Elissa Strauss’s post on high heels and power opened a proverbial shoebox of worms for me on this fraught subject — a topic that writer Leora Tannenbaum wrote an entire book about: “Bad Shoes and the Women Who Love Them.”
It’s true that high heels are fun and flattering, and like anyone else, I stop and stare at the windows of my favorite shoe stores. But like Elissa, my biggest beef with heels is that they’re seen on so many television shows and on the feet of politicians and cultural stars as thoroughly necessary accessories for power and beauty. Whenever I see Julianna Margulies’ “Good Wife” character, Alicia Florrick, strutting across her office floor in a pair of sky-high pumps, I have two thoughts 1) she has great legs and 2) Why do her heels have to be that high? Is it part of the allure of Alicia’s character — a survivor, a great mom and someone who has no issues with plantar fasciitis? Would Alicia still be the idol of many female TV viewers if she showed up in an occasional pair of flats to complement her power suits?
The problem, of course, is not limited to fictional characters. Last year, Jezebel’s Irin Carmon published an email from a female politician in Maine complaining about the double-standard of footwear and how it feeds into other double standards:
Finding the right pair of shoes that balances professionalism with comfort is paramount for women. Men are not forced into Chinese-foot-binding-style attire and they are automatically taken more seriously than their female counterparts.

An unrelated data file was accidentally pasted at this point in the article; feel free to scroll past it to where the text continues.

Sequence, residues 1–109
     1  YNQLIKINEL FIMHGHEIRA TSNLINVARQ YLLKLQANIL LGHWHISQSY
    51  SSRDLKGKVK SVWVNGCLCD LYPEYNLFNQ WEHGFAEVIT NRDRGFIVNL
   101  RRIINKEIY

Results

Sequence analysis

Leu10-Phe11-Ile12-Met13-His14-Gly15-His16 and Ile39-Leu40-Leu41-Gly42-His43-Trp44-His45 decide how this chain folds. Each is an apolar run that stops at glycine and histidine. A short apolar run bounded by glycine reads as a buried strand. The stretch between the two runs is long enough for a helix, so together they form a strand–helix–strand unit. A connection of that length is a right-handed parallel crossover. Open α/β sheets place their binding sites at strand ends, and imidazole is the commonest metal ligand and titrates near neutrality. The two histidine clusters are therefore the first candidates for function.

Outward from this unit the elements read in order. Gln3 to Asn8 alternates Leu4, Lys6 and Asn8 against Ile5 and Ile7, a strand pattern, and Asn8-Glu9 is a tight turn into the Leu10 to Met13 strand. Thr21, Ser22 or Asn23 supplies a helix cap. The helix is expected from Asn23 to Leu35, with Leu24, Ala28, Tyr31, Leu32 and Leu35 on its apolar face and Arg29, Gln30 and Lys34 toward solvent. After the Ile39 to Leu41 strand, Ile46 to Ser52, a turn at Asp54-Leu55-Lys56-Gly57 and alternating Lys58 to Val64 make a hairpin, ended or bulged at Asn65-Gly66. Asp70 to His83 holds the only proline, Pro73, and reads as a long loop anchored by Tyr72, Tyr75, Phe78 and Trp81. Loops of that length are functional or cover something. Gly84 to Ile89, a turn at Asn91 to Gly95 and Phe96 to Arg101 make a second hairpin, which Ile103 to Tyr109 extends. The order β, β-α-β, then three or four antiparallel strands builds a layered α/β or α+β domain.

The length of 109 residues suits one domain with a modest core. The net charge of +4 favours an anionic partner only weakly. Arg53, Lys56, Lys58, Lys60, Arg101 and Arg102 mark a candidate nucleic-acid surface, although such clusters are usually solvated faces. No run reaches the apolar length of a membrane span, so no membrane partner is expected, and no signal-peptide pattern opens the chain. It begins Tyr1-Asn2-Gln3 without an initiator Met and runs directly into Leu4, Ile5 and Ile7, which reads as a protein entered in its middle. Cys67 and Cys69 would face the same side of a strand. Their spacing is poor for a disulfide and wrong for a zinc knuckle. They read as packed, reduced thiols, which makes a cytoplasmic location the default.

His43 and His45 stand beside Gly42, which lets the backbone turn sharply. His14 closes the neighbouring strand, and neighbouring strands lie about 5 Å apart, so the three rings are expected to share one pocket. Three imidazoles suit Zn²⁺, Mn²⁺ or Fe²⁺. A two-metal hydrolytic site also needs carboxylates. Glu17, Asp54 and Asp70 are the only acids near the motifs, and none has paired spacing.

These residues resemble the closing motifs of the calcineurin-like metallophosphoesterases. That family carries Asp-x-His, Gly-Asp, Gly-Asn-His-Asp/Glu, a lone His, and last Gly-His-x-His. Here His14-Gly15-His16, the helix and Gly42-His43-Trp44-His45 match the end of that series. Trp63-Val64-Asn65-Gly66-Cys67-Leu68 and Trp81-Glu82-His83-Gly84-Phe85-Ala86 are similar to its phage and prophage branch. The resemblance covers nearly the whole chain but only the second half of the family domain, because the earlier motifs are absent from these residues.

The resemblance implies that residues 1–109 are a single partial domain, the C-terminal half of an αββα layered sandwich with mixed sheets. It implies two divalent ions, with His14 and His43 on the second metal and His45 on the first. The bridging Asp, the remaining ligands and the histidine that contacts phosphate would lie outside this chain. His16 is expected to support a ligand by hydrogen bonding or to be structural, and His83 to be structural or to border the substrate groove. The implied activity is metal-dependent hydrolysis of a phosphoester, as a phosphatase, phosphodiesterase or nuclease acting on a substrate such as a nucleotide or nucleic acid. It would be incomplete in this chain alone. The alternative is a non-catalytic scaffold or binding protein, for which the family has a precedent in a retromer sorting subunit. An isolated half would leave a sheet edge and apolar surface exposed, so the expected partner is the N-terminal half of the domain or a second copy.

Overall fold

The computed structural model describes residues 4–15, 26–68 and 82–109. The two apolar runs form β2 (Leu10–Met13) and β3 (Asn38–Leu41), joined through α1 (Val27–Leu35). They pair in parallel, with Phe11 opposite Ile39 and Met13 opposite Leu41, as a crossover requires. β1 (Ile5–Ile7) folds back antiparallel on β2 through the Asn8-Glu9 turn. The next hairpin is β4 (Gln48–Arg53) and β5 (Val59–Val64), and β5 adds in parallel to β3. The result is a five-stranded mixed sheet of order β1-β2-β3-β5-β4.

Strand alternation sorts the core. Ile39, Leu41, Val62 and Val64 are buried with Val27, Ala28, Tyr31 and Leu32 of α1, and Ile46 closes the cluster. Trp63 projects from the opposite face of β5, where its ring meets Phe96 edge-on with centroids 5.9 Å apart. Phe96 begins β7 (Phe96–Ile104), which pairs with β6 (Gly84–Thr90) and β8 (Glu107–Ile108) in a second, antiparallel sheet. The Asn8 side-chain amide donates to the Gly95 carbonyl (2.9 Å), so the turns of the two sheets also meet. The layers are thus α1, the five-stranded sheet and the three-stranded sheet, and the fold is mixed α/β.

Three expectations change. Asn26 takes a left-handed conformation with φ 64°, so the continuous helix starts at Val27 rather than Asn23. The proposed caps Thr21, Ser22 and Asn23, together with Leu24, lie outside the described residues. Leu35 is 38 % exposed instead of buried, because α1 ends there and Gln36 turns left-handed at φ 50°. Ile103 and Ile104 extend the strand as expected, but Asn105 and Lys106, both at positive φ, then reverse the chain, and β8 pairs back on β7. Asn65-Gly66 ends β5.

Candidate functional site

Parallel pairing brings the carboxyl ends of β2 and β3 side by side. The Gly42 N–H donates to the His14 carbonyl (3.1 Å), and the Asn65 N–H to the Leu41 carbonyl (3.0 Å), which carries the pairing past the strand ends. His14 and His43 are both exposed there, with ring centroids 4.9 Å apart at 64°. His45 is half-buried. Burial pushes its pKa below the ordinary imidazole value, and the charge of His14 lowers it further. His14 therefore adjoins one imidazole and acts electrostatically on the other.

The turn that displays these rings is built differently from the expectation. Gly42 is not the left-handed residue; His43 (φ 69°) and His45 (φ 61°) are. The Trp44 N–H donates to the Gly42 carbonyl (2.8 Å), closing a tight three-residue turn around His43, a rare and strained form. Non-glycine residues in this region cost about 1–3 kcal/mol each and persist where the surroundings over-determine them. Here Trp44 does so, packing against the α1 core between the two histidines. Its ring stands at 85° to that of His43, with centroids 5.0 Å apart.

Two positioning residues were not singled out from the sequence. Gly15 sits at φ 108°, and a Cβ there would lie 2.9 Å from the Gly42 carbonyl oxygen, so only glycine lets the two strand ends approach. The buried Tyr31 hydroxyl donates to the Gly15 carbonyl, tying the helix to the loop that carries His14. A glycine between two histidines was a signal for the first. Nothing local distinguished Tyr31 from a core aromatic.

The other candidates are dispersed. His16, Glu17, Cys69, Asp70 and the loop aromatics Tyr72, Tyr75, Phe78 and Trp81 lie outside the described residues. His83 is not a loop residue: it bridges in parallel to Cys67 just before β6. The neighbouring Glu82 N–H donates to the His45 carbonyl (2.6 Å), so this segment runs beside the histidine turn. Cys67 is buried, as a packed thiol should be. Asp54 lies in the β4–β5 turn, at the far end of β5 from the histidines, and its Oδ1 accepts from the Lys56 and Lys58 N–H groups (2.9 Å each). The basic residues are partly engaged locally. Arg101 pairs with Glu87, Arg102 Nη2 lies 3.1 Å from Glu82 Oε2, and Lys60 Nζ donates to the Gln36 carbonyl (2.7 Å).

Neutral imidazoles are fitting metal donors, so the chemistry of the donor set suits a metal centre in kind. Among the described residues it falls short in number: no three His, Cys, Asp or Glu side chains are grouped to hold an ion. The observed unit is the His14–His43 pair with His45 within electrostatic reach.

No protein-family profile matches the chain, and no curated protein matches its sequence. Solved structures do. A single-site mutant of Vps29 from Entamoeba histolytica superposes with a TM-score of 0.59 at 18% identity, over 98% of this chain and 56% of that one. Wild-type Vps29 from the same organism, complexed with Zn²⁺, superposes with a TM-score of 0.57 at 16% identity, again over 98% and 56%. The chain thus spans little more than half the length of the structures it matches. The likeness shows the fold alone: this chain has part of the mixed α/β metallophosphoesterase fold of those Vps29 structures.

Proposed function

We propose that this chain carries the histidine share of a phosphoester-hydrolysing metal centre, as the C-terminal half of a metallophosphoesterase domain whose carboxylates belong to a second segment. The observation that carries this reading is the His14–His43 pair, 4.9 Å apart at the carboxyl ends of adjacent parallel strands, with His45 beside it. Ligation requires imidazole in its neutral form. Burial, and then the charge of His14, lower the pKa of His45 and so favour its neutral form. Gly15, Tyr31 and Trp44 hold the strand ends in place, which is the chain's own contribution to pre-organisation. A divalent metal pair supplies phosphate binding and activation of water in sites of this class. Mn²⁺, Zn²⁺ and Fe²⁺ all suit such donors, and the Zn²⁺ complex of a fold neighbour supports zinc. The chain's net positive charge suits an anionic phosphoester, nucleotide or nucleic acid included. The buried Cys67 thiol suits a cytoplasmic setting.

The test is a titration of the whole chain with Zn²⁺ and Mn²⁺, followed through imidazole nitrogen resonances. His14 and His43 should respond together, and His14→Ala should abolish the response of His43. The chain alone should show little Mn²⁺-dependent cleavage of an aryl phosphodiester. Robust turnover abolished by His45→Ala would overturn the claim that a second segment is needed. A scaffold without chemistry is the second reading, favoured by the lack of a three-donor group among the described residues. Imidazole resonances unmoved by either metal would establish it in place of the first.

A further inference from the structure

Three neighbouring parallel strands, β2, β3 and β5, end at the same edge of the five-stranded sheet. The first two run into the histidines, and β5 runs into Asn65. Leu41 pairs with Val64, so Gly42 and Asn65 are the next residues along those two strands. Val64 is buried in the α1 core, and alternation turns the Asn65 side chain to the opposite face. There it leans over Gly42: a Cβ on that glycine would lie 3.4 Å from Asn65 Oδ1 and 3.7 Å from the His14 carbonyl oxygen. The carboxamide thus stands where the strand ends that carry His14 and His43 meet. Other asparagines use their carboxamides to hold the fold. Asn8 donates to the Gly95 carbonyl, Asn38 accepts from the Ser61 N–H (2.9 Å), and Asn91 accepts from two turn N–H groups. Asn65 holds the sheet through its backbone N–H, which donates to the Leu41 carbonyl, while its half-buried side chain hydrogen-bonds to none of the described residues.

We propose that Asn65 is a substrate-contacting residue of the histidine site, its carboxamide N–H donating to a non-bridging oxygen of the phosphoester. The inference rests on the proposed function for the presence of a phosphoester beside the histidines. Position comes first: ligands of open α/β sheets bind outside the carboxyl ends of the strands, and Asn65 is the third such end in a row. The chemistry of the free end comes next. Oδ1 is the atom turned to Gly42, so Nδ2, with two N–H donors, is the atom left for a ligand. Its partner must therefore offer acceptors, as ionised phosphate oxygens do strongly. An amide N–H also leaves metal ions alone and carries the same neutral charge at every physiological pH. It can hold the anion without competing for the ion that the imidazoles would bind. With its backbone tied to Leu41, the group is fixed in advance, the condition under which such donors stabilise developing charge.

As this kind of thing demonstrates, it’s actually a serious issue.
Personally, I’ve had one of those lifelong love-hate relationships with “bad shoes.” I never particularly had a yen for girly, strappy shoes of the kind featured on “Sex and the City,” but I always had an overly eager eye for funky and offbeat footwear styles with eye-catching patterns, shapes or colors. I frequently bought said shoes and always ended up wearing sneakers or flats anyway because the more aesthetically pleasing shoes hurt me so badly I ended up unable to walk or with my feet covered with blisters. Eventually, I gave up entirely on high heels until I started shopping for them at the comfort-focused Aerosoles. But even those more manageable heels pinch and tire out my feet after a few hours at a wedding or party, and I always throw a pair of crocs or sandals in my purse so, if I feel like it, I can walk part of the way home from any event. I can’t imagine having to wear heels to work every day. As Amanda Marcotte wrote a long time ago on the feminist politics of shoes:
A lot of women experience chronic pain because of their shoes. A lot of them have to get foot surgery to reverse some of the effects. And for what? A slightly better calf shape under a knee length pencil skirt? Why is it so hard to relegate high heels to special occasions, and view flats as the only appropriate everyday wear?
That’s certainly the choice I’ve made.